About this Brazilian Jiu Jitsu Academy

Garage Jiu Jitsu, located in Sydney CBD is run by Professor Gui Neves.

From the Garage Jiu Jitsu website:

No matter your age, your gender, your level. If you seek to challenge the limits of your body and enhance your mind, you are already part of the Garage Team.

BJJ CLASSES FOR EVERYONE

Learn Brazilian Jiu-jitsu in an inclusive and effective way with our tailored classes. Be a beginner or experienced, you have a place here.

BLACK BELT INSTRUCTORS

You will be always guided by passionate high-performance Garage coaches that are ready and willing to teach you all they know.

GARAGE CULTURE

BJJ can make us better people every day. And the only way we can achieve that is by always keeping respect, ambition and friendship.

Address

422 Kent Street, Sydney, NSW 2000

Google Map Location

422 Kent Street, Sydney NSW 2000, Australia

Programs
  • Fundamentals Brazilian Jiu Jitsu
  • Advanced Brazilian Jiu Jitsu
  • No-Gi Brazilian Jiu Jitsu
  • Adults
  • Kids & Teens
  • Women Only
  • Private Classes
About the area/region

City of Sydney

Sydney CBD

The Sydney central business district (CBD) is the historical and main commercial centre of Sydney. The Sydney CBD is Sydney's city centre, or Sydney City, and the two terms are used interchangeably. The CBD or city centre is often referred to simply as "Town" or "the City". The Sydney city centre extends southwards for about 3 km (2 mi) from Sydney Cove, the point of first European settlement in which the Sydney region was initially established. Due to its pivotal role in Australia's early history, it is one of the oldest established areas in the country.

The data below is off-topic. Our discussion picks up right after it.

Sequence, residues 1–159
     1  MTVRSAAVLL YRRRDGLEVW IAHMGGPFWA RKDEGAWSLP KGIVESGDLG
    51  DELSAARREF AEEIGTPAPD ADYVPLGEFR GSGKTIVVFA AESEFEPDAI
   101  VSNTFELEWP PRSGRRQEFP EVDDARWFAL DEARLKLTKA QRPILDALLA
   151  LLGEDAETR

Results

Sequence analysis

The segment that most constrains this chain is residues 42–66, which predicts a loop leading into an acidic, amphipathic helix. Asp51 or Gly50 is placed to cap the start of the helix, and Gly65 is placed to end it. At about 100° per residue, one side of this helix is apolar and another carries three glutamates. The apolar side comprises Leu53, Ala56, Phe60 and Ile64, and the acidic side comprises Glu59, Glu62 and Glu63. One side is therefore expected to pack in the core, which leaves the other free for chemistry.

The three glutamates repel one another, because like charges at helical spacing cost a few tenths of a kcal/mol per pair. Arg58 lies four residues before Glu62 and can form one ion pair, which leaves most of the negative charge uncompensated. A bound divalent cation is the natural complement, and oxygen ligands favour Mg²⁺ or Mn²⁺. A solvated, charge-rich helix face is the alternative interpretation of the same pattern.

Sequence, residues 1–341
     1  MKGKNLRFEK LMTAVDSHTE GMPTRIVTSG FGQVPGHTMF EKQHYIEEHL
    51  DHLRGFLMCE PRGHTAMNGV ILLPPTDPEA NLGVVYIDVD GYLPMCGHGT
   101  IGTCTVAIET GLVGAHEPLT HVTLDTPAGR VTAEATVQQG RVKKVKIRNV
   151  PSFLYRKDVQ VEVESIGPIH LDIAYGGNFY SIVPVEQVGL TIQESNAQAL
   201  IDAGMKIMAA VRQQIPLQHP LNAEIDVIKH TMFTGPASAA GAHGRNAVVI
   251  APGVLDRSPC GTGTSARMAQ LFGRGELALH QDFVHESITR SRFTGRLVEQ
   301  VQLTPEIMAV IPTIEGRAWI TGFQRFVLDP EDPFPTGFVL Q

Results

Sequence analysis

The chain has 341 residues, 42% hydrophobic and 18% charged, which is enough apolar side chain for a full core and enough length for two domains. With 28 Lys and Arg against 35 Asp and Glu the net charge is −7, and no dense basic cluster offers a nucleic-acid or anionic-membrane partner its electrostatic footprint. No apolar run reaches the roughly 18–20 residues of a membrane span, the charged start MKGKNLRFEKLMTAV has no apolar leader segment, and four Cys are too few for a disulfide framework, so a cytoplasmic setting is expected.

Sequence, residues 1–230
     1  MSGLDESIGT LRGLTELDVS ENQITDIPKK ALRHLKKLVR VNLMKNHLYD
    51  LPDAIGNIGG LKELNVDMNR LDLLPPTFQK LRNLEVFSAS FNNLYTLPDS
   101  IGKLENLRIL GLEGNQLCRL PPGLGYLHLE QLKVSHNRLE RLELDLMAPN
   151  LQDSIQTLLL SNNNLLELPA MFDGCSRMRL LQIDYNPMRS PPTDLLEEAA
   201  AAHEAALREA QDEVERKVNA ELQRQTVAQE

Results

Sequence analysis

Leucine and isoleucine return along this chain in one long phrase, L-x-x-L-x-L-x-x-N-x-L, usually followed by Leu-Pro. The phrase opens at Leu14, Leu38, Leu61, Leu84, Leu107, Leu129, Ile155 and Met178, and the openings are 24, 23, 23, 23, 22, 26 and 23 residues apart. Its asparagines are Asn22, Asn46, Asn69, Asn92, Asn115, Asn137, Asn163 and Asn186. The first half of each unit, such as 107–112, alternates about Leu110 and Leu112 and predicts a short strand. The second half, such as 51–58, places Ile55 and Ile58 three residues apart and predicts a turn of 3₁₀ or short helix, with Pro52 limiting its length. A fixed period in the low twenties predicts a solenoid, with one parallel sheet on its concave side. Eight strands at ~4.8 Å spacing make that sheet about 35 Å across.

The Sydney CBD is an area of very densely concentrated skyscrapers and other buildings, interspersed by several parks such as Hyde Park, The Domain, Royal Botanic Gardens and Wynyard Park. George Street is the Sydney CBD's main north–south thoroughfare. The streets run on a slightly warped grid pattern in the southern CBD, but in the older northern CBD the streets form several intersecting grids, reflecting their placement in relation to the prevailing breeze and orientation to Circular Quay in early settlement.
(Source: Wikipedia, the free encyclopedia)